Global liquor major Diageo and the International Spirits and Wines Association of India (ISWAI) on Monday welcomed the move of the Maharashtra government to slash the excise duty by 50 per cent on imported liquor.
However, domestic Indian-made foreign liquor (IMFL) manufacturers are opposing the move.
The Confederation of Indian Alcoholic Beverage Companies (CIABC), which represents the domestic liquor industry, said it is "fraught with danger" for the Indian industry and will reduce the state government's revenues.
The Maharashtra government has slashed excise duty on imported scotch whiskey by 50 per cent to bring its price on par with that in other states.
Diageo, which owns global brands such as Johnnie Walker, Black & White, Vat 69, Smirnoff - termed it as 'progressive' policy and compliment the Maharashtra Government.
"Diageo India welcomes the reduction in excise duty on imported spirits, which is in line with what we are seeing in other states. The reduction in duties will make these brands more accessible for consumers in Maharashtra, in line with states like Delhi, Haryana, West Bengal and Goa and is in sync with the strong consumer trend of premiumisation in beverage alcohol," said Diageo India Chief Strategy & Corporate Affairs Officer Abanti Sankaranarayanan.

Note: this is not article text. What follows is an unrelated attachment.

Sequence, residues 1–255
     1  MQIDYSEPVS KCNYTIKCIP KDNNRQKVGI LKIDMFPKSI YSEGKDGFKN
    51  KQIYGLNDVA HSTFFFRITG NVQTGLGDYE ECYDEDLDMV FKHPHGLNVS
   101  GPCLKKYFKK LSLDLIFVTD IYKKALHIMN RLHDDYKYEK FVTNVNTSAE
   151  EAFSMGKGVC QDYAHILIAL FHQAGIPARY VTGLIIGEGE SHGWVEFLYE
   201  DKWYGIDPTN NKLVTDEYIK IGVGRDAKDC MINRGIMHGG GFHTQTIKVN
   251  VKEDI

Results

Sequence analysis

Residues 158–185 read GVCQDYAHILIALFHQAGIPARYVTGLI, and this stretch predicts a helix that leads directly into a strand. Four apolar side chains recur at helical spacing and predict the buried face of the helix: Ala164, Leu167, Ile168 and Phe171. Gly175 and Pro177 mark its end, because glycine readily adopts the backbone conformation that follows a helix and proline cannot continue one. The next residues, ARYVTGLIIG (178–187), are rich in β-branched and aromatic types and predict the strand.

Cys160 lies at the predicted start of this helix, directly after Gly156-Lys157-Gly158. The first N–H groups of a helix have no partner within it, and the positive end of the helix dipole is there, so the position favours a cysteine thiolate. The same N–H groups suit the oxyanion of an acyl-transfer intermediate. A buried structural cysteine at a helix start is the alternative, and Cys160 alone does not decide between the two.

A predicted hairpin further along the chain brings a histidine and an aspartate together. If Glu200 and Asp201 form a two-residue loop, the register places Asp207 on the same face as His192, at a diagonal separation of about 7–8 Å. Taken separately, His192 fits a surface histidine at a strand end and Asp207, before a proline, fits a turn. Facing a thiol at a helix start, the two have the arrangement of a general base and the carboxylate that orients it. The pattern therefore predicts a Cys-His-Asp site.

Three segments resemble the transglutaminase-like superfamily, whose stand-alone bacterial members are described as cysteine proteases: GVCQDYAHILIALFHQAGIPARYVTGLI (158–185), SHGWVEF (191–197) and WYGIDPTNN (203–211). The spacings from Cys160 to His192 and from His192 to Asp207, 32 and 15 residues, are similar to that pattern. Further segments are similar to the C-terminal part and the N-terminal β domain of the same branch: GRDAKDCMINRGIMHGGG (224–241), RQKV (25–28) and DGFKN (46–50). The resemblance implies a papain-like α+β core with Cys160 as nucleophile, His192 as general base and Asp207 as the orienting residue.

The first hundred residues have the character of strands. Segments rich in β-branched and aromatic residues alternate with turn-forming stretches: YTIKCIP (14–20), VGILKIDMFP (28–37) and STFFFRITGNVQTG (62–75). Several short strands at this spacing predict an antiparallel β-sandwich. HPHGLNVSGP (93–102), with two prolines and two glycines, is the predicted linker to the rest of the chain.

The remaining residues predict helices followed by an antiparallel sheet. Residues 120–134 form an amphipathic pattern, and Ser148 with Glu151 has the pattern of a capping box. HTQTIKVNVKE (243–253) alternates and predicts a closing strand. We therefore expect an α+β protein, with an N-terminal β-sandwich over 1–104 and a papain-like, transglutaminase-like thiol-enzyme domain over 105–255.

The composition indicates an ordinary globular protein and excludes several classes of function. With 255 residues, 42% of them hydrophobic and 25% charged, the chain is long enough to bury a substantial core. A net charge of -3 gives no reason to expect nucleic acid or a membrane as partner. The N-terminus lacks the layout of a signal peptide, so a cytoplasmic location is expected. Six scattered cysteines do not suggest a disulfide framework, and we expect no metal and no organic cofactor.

This new policy will correct revenue leakage for the state by curbing counterfeit and stock movement from other parts of the country, he added.
While ISWAI said the Maharashtra government's move will significantly curtail illicit and spurious liquor and smuggling of products.
"These industry-friendly progressive policy changes would improve tax compliance, eliminate the grey market and inter-state product smuggling thereby increase the state's revenue collection. The consumers can now expect a reduction in prices and legitimate access to better quality global brands," said ISWAI Chief Executive Officer Nita Kapoor.
Emphasising the growing trend of premiumisation and consumer preference for global brands, Kapoor said Indian consumers are increasingly opting for "Bottled in Origin (BIO) and geographical indication (GI) tagged" niche products.
While CIABC Director-General Vinod Giri said: "While we wait for more pricing details, we think that such reduction in excise duty for imported products without consideration for competing Indian products is fraught with danger not only for the Indian industry but also for the government." Prices of imported whiskies are likely to go well below Indian malt whiskies such as Amrut, Paul John etc, which may signal the end of the Indian vision of creating world-class whiskies, he said.
"If prices of imported whiskies become comparable to bottled in India whiskies then the incentive for investing in India goes, impacting jobs and sourcing from local farmers and MSME sector," said Giri adding "Ironically, Maharashtra Government earns more taxes from Indian made products than from comparable imported products hence the substitution of Indian made products with imported products will actually reduce government revenues."